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Methods for in situ SIMS microanalysis of Boron and its isotopes in palagonite

  • Author(s): Pauly, BD
  • Williams, LB
  • Hervig, RL
  • Schiffman, P
  • Zierenberg, RA
  • et al.
Abstract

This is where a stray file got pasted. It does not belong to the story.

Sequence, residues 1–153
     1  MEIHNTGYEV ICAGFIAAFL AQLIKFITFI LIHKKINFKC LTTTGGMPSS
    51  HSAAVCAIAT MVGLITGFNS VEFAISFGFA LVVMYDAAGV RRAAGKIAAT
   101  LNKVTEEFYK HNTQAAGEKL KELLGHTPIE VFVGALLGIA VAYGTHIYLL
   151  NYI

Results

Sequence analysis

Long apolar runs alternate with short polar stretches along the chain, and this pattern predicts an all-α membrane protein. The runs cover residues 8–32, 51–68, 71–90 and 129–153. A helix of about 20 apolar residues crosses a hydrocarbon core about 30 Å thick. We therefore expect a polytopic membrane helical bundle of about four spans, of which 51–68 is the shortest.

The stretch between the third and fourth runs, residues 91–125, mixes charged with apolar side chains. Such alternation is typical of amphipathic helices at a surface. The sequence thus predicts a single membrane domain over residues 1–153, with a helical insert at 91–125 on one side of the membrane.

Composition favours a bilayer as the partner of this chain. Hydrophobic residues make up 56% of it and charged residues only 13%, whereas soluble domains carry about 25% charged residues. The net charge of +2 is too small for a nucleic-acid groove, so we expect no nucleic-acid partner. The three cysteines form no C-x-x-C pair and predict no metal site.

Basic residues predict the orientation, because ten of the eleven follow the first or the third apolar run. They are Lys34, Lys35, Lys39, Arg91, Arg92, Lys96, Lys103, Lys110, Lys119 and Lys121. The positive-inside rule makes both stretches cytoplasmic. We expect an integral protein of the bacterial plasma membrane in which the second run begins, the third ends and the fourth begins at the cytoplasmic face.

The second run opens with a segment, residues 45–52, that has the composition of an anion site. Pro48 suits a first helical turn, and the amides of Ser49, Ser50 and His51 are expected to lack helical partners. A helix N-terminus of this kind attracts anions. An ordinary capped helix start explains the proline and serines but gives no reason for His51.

© 2014 Publishing Technology. Boron has been shown to be a useful trace element in clay-mineralization reactions, raising the possibility that B studies may provide a means to investigate environmental controls on palagonitization. The objective of the present study was to address calibration, matrix effects, and B exchangeability issues such that meaningful secondary ion mass spectrometry (SIMS) microanalysis of B in thin sections of palagonite will be feasible. Silver Hill illite (IMt-1) was found to be a suitable calibration reference material, based on compositional similarity, relatively high B content, and ease of mounting on thin-section samples for SIMS microanalysis. Matrix effects of borated sideromelane and illite were compared and found to be similar, confirming previous studies which showed no matrix effects for B among minerals. Boron substitutes for Si in tetrahedral sites and also can be adsorbed in exchangeable sites of 2:1 clay minerals. Similarly, B can be found in tetrahedral and exchangeable sites within palagonite, which consists of both layered and amorphous volumes. In order to measure tetrahedral B content and isotopic ratio in the palagonite, exchangeable B was removed by soaking sample thin sections in a 1 M NH4Cl solution until exchangeable cation concentrations were constant. Treated samples showed decreases in B content and isotopic ratio with exchange. Extraction of exchangeable B permits the direct measurement of tetrahedral B content and isotopic ratio. The exchange technique devised and tested here should have broad applicability to thin-section microanalysis of B in clay and clay-like materials where cation exchange can be used for surface-analytical techniques. The present study represents an initial attempt to address sample-preparation, calibration, and potential matrix-effects problems for analyses by SIMS. Further refinements may improve the accuracy of the measurements, but the results presented here indicate that meaningful measurements are possible.

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